Texas senator warns Obama against 'politicization of the NEA'*
Sen. John Cornyn (R-Texas) issued an open letter Wednesday asking President Obama to "take the necessary steps to ensure that the NEA and the American arts community it supports remain independent from political manipulation by the White House."
Cornyn's letter followed a blogger's critical report about a telephone conference last month in which the National Endowment for the Arts combined with the White House Office of Public Engagement to enlist artists on behalf of the administration's "United We Serve" volunteer service initiative.
Posting the letter on his official website, Cornyn said that "steering the arts community toward a pro-Administration political message" would violate the NEA's nonpartisan mandate. The endowment's main purpose is disbursing federal grants to nonprofit arts organizations.
Cornyn cautioned that NEA involvement in recruiting artists for a presidential initiative could suggest that "NEA grant opportunities ... may be tied to artists' willingness to use their creative talents to advance your administration's policies." He added: "this episode appears to merit congressional hearings and sustained oversight."
Responding by e-mail Wednesday, White House spokesman Shin Inouye said the Aug. 10 teleconference "was not meant to promote any legislative agenda -- it was a discussion on the United We Serve effort and how all Americans can participate."
The NEA issued a statement saying that it took part in the conference to help inform arts organizations about opportunities to sponsor volunteer service projects themselves, or have their members take part in other volunteer efforts. "This call was not a means to promote any legislative agenda, and any suggestions to that end are simply false," the statement said. "The NEA regularly does outreach to various organizations to inform them of the work we are doing and the resources available to them."
Cornyn said his concerns rose from an Aug. 25 posting on the Big Hollywood blog by Patrick Courrielche, who owns an L.A. marketing and entertainment company. Courrielche wrote that he was invited by the NEA to take part in the conference call.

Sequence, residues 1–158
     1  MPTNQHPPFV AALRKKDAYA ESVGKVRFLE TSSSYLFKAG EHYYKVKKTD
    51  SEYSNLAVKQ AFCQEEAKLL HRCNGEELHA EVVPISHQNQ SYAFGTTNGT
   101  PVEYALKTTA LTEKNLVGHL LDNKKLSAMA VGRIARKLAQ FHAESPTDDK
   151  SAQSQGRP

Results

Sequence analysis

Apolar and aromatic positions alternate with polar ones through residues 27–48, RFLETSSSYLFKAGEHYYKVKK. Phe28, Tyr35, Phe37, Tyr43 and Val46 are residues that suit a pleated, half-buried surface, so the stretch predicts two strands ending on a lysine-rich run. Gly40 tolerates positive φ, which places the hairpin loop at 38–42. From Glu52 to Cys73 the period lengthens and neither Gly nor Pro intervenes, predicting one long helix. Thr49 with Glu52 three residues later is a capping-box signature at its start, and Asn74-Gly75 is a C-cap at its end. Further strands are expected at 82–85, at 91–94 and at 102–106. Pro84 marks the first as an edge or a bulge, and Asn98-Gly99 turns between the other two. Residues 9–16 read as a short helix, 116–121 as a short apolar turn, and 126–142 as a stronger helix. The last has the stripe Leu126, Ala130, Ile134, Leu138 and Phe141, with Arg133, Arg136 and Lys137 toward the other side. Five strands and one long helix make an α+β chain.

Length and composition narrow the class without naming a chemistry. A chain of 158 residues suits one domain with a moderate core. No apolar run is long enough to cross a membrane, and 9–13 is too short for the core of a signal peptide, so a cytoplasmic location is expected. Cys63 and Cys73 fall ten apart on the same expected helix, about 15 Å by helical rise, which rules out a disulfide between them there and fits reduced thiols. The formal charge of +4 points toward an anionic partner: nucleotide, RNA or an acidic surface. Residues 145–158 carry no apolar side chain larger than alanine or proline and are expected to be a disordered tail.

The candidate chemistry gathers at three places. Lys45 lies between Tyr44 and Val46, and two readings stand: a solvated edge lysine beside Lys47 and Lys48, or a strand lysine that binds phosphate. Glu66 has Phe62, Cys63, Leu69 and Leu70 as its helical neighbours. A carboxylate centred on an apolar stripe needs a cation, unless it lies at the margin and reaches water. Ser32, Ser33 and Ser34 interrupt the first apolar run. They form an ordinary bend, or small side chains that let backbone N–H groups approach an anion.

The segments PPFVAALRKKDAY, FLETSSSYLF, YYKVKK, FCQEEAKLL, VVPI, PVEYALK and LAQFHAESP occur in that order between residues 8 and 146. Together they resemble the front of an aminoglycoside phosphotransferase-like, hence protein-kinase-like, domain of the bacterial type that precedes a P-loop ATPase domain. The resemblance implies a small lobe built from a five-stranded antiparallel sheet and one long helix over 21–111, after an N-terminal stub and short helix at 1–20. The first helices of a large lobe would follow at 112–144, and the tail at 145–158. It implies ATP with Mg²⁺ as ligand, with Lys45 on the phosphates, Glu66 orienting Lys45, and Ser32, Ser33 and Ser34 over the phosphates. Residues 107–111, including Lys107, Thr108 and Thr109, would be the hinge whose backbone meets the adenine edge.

The invitation, Courrielche wrote, said the meeting's agenda was for "a group of artists, producers, promoters, organizers, influencers, marketers, taste-makers, leaders or just plain cool people to join together and work together to promote a more civicly engaged America and celebrate how the arts can be used for a positive change," and "to help lay a new foundation for growth, focusing on core areas of the recovery agenda -- health care, energy and environment, safety and security, education, community renewal."
According to Courrielche, Yosi Sergant, who is listed on the NEA's website as communications director, was among those in charge of the teleconference. During the discussion, Courrielche said, the group of about 75 invitees was congratulated for having "played a key role in the election and now Obama was putting out the call of service to help create change."
Sergant did not return phone calls or an e-mailed request for comment on Wednesday and Thursday. Sally Gifford, a spokeswoman for the NEA, said Thursday that Sergant is a staff member, but not the communications director. Asked whether he had been demoted in connection with the controversy over the teleconference, Gifford said she couldn't comment on "personnel matters."
According to a September 2008 story in the L.A. Weekly, Sergant was instrumental in organizing and publicizing artist Shepard Fairey's "Obama Hope" poster campaign during the presidential election.
Lee Rosenbaum, who blogs about visual arts as CultureGrrl, also reported her misgivings as she listened in on a second White House teleconference, Aug. 27, in which arts folk were asked to help with the United We Serve initiative. In that instance, Rosenbaum said, an official from the White House Office of Public Engagement presided and noted that representatives from the NEA and the National Endowment for the Humanities who'd been scheduled to participate were unavailable. Rosenbaum wrote that she was "creeped out" by the idea of the government trying to enlist artists for a "political adventure....even though, like many on the call, I supported and (with reservations) still support the agenda of the new president."
Ben Donenberg, an L.A. theater director who serves on the National Council on the Arts, the 15-member panel of presidential appointees that advises the NEA, said it's important for the endowment to avoid the appearance of partisanship, but that Cornyn's letter to Obama smacks of "grandstanding," with a political agenda of its own.
Donenberg, the founder and producing artistic director of Shakespeare Festival/L.A., noted that the NEA has strong safeguards that should lay to rest any concerns that grants could go to arts organizations pushing a political agenda (less than $2 million a year in NEA money, out of an expected grants budget of about $133 million, goes to individual artists, through literary fellowships and $25,000 individual lifetime achievement honors for jazz, opera and folk arts). *Update: An earlier version of this post referred to Donenberg as producing director, rather than producing artistic director of Shakespeare Festival/L.A.
The process, he said, calls for panels of outside experts to review and rank applicants in each discipline; then it's up to NEA Chairman Rocco Landesman to consider those recommendations and make funding decisions. The chairman's picks are then reviewed by the other members of the National Council on the Arts.
"No funds have been distributed to support anything aligned with any political agenda, and there won't be," Donenberg said.
-- Mike Boehm
Photo: Sen. John Cornyn. Credit: Chris Kleponis / Bloomberg News